Despite the euphoria, the ruling is not without its difficulties. A broad sweep of identities neglects many identities. Also, the procedures for implementation lie with Indian states. Interestingly, it also evades extensive comment on Section 377 which criminalises sex between homosexuals, which the justices term as a “colonial legacy.” It remains to be seen how this decision will interact with the petition on Section 377, to be considered soon.
Rationally, it will be difficult to give citizens the right to choose their gender but not the right to choose who they love. The court’s decision on Section 377 will tell the nation whether the highest court in the land can live with deeply contradictory ideas of justice, freedom, and equality. Yet, the process of change will now be reversible. Just as law can manufacture intolerance, it can also create gradual social acceptance. Social attitudes may not transform a society overnight, but Indian society only needs to look at its own history of inclusiveness.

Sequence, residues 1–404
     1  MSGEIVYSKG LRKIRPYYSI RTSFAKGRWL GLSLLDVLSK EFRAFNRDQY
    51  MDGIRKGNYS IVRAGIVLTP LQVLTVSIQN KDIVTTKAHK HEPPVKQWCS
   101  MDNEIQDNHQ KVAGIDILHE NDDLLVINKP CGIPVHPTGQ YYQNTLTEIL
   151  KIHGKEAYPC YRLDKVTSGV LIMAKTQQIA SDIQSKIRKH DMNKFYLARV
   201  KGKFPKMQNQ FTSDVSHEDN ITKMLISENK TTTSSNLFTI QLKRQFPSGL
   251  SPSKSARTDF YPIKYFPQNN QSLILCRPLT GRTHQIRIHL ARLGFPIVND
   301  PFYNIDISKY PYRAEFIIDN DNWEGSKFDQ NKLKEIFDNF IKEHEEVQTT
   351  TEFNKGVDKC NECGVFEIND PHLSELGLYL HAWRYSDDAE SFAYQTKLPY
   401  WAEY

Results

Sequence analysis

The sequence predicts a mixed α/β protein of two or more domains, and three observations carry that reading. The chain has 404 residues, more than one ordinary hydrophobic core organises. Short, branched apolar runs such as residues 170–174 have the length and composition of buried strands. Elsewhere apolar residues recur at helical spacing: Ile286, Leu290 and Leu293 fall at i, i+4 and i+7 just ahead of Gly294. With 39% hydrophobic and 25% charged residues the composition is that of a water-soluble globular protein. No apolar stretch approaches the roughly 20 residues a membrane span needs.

The transgender community was, until the advent of colonialism, a respected section of society. In fact, the people at large should note that transgender people are mentioned in the holy epic Ramayana and that it was Lord Ram who gave them the power to bless important occasions of celebrations in families, such as childbirths and marriages. Also, Lord Shiva’s Ardhanarishwar form, perhaps depicts the same spirit, is well-known and widely worshipped all across the country. The tradition is not limited to Hinduism alone. Islamic, Jain, and other cultures also include the transgender community and sexual minorities. The famous Sufi saint, Bulle Shah, dressed as a woman to please his master and often danced with eunuchs.